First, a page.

Above. Screenshot of Google organically ranking our swimwear offerings above Victoria Secret’s.
They no longer sell swimwear.
In 2015, I posted the following, “I have to thank the Internet whose power to connect and transform commerce never ceases to amaze me. Take for instance how my website appears on the first page of Google for the keyword phrase “Brazilian bikinis,” ahead of the largest American retailer of lingerie, swimwear and beauty products. Victoria Secret has sales of $6 billion and is located in 1035 stores. The Internet has essentially given most of you a microphone. Use it wisely and it can take you to places you’ve never imagined. I share this fact about the Internet because I’ll be embarking on a new online project that has no destination but a journey that has me super excited. Harness the Internet and it can serve you well. Go for it. Take the leap. It’s your turn.”
Of course traditional brands continue to influence fashion but their dominance and influence is waning as consumers question their ecological footprint, social commitment, ethical business practices and wonder what they do to make the world a better place. Times have changed. People now have the tools, knowhow and entrepreneurial courage to create their own brands which better represent their values and those of their friends and fans.
Suddenly this novelty of creating something and selling online was not only fun and doable, but could provide an additional source of income. People started designing their own swimwear collections. After all, why would they want to promote someone else’s brand when they could promote their own, especially when influencers had more followers than some of the recognized brands. And so the “selfie economy” started gaining momentum, solidifying the “me” or “selfie brand.” Now anyone could become a brand. Manufacturers had no choice other than to heed market demand or risk losing business. The market dictated a move away from the manufacturers’ superbrands to support their customers’ brand. This was particularly evident in the fashion industry. More and more manufacturers across all industries were beginning to offer white labeling, non-branded or private labeling options. Even grocery stores, mega chains and retailers jumped onto the bandwagon of offering private label alternatives that were cheaper and more profitable than carrying the big name brands. It hit critical mass around 2015 as social media and mobile usage grew exponentially. Today every aspect of our life is somehow touched by an online experience such as personal banking, remote learning, and Internet shopping to name a few. And of course, this includes my daughter watching a Korean drama series on her smartphone.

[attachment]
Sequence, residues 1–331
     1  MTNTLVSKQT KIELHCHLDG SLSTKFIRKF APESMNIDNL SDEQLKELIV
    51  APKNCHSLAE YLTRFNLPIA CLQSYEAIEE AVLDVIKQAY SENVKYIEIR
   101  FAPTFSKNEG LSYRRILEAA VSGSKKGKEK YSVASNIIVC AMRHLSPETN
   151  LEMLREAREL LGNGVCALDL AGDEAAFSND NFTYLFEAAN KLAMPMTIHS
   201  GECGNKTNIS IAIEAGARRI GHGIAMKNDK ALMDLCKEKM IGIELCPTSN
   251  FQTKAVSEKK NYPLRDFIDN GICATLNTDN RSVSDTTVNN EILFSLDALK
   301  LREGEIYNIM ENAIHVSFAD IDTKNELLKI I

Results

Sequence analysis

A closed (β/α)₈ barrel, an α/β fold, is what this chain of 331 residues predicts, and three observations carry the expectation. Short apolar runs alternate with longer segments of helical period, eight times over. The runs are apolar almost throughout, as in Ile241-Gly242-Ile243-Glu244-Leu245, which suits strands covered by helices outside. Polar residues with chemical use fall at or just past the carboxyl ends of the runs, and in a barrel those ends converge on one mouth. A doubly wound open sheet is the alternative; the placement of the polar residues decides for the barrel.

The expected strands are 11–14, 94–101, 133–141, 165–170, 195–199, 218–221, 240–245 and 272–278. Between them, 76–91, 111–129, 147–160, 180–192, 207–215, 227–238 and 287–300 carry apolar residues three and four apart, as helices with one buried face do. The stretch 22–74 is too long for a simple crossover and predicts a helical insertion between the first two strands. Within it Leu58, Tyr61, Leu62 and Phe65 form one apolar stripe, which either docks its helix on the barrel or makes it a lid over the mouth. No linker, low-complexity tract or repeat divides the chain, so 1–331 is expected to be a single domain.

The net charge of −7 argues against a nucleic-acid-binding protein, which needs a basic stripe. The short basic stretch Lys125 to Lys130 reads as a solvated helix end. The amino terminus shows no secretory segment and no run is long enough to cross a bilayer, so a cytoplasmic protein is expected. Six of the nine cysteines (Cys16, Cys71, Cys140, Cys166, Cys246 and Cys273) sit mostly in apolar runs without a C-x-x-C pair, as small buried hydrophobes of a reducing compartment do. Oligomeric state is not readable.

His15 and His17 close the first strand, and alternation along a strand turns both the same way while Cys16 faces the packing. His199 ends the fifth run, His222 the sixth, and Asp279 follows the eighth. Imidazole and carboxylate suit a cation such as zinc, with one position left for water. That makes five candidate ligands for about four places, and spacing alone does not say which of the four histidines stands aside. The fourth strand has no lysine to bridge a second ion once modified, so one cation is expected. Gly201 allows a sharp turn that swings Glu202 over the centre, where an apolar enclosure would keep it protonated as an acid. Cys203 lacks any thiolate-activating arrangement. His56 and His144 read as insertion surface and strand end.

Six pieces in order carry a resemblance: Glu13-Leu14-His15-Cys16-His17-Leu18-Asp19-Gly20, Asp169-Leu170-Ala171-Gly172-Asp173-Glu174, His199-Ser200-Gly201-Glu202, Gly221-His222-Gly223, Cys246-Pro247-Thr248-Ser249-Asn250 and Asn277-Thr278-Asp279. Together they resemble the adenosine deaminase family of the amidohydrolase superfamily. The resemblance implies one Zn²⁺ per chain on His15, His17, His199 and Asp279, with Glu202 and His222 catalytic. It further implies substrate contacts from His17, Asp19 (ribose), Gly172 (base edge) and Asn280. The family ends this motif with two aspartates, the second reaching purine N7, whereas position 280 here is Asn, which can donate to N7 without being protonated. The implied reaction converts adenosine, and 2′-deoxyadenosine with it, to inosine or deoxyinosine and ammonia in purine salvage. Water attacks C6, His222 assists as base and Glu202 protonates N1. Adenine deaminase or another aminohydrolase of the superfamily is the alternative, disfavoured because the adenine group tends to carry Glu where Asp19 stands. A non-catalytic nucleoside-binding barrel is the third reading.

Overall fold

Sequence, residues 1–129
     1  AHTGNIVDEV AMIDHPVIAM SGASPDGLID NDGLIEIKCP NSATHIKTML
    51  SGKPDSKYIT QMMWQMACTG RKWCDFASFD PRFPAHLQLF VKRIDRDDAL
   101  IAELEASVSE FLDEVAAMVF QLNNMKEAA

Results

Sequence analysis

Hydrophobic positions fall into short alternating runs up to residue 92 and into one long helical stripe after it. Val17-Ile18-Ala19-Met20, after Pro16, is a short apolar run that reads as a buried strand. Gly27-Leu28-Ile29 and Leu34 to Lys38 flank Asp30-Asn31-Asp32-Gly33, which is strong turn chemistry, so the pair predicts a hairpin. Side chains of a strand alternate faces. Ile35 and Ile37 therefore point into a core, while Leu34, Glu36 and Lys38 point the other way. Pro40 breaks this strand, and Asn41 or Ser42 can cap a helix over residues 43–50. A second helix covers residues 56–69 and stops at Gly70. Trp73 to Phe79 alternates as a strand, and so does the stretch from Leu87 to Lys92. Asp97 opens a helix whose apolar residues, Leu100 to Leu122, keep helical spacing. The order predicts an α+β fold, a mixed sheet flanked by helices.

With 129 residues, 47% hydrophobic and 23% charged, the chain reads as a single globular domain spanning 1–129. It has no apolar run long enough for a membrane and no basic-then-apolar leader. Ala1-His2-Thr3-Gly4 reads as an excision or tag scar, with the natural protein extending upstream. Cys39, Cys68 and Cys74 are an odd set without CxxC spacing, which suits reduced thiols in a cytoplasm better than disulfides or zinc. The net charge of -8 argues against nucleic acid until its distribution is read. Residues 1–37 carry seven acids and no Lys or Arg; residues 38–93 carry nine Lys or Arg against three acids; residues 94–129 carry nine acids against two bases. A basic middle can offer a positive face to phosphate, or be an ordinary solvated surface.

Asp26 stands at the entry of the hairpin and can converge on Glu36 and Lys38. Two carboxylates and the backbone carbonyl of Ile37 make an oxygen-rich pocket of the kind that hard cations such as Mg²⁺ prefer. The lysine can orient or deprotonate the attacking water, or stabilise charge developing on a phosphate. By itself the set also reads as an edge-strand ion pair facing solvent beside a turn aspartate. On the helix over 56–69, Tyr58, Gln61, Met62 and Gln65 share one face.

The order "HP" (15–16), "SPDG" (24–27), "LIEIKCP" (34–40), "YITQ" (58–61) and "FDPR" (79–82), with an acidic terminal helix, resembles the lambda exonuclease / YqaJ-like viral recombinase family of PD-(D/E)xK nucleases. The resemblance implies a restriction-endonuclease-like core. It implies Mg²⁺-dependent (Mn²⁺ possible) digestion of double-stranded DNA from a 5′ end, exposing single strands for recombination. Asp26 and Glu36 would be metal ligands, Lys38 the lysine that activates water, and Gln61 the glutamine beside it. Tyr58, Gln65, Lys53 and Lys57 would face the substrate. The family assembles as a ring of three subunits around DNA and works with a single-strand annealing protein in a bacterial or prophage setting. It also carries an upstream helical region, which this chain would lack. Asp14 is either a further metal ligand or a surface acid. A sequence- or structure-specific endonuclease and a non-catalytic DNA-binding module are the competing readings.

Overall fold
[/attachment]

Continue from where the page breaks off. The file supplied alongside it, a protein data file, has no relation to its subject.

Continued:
Higher Purpose. Support a cause and do good
Manufacturers had to adjust their manufacturing processes in order to accommodate their customers’ desire to do good for the planet and give back in their own little way. It became critical for manufacturers to implement sustainable business practices into their operations and processes from sampling to production. Take for instance the demand to source environmentally friendly textiles. Swimwear manufacturers had to seek fabric mills that offered eco-friendly options, fabrics that decomposed faster than traditional synthetic fibers or offer fabrics that were made from recycled sources. They turned to Fabric mills located in the US, Europe and South America such as Santa Constancia, Unifi, Carvico, Digitale Textile, Aquafil and Rosset. Sustainable processes and transparency became a selling point and if you didn’t offer that option you were no longer considered an attractive option to supply whatever you produced. I see this every day in the emails I receive and communications I have with prospective customers.
Further proof of how important it is for manufacturers or suppliers to offer sustainable options can be seen from what people search for online. Online searches for “responsible fashion brands” and “sustainable fashion” is up dramatically compared to previous years. And as all marketers know, anything we type into a search engine is an intention. Prospective buyers are making their intentions clear with words like eco-conscious brands, regenerated nylon, organic cotton, Econyl, or recycled polyester. There are even apps and websites that rate how ethical a particular fashion brand is. One such app is called “Good On You.” They’re a great example of how companies are and will be rated and reviewed by consumers- not just on quality of product, but also on their ethical business practices. They’ll be given scores on how kind they are to the planet, people and animals. This is the direction in which it’s all going. This isn’t a passing trend. This is the way forward and it leaves me hopeful.